Kicking Out: Vilification of outside men a lazy narrative
WHEN Enda Muldoon surveyed all in front of him and lofted the ball into the chest of Collie Devlin, Ballinderry struck for the goal that become the anchor in three consecutive Derry titles.
It was 2012 and the Shamrocks had re-established themselves as the county’s dominant force after a surprise defeat by Coleraine in 2010. They would go on to win Ulster the following year.
When they played man-to-man football, the only team that could touch them was Crossmaglen. Were it not for the provincial presence of one of the greatest footballing teams of all time, the two Ulster titles Ballinderry won would have been multiplied to a far greater number.
Martin McKinless was viewed as their lucky charm. His brand of fire-and-brimstone management brought the absolute best out of a team that reacted best to being let off the leash.
McKinless patrolled the touchline with such adrenaline that there were often tears in eyes that his smile would widen boyishly on the days they won, which was most of the time.
When he stood down at the end of 2014, he went with five Derry titles, an Ulster and with the incredible record of never having lost a championship game in the county during two different spells.
With the Derry title secured by that brilliant Devlin goal in 2012, their first step into Ulster put them up against Ronan McGuckin.
He had been a stalwart of Ballinderry teams across a generation and wasn’t long retired when he went into Tyrone to cut his teeth in management.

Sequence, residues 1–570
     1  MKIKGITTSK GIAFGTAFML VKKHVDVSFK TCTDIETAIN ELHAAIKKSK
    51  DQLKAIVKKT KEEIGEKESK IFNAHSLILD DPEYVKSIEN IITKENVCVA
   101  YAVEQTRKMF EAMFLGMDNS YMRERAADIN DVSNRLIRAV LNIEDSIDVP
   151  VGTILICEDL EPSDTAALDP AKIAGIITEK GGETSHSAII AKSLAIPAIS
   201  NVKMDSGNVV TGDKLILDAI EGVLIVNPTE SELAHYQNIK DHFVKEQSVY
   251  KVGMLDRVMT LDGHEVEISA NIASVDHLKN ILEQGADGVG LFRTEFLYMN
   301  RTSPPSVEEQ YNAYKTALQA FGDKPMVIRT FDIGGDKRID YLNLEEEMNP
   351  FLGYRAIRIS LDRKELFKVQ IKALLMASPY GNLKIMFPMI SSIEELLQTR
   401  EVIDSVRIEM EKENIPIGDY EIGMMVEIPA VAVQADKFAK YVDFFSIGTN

Errigal Ciaran’s door was open and through it he stepped. Before anything was agreed, he told the Dunmoyle club’s committee that in the unlikely event they would meet Ballinderry somewhere down the line, he would step aside rather than manage against his native club.
Either way that year, Ballinderry were meeting one of their own. The Tyrone final, Errigal v Dromore, pitted McGuckin up against Paul McIver.
The reality for young coaches in the club at that time was that they had to go elsewhere to cut their teeth.
At that time, the Ballinderry job was one of the biggest in Ireland, never mind Ulster.
But it was Martin McKinless’ job for as long as he wanted it. Rightly so, with a record like his.
The Shamrocks not only have a tradition of producing players but also of producing coaches. They can’t all manage their own club.
Ronan McGuckin won a Tyrone title with Errigal, their last to date. Paul McIver’s Dromore were reigning champions from his 2011 term, and he would go on to win three Down titles with Kilcoo.
His father, Brian, was the 2002 All-Ireland club winning manager with the club. Paul’s brother Michael is on the club’s current management team.
Conleith Gilligan has since helped the same club to two Down and one Ulster titles, as well as coming within a whisker of an All-Ireland club title in defeat by Corofin.
The Andy Merrigan Cup holds a special place in Ballinderry hearts since they carried it into county Derry from across the bridge in the dual-citizenship village 19 years ago.
One of the first coaching successes that team produced was when Barry McOscar took little Lissan from nowhere to a very rare Ulster junior final in 2007.
At present, Mickey Conlan, Michael McIver and Mark McGeehan are in charge of the club’s senior team. On Saturday, they came up against one of their own in Philip Muldoon, who joined Lavey’s management team under Jude Donnelly this year.
Darren Conway has had a stint in charge of Ballymaguigan, with whom he continues to play. Ronan Devlin’s influence on Cargin’s success in Antrim, where he works alongside Damian Cassidy, and in the maiden MacRory Cup success for St Mary’s Magherafelt in 2017 cannot be understated.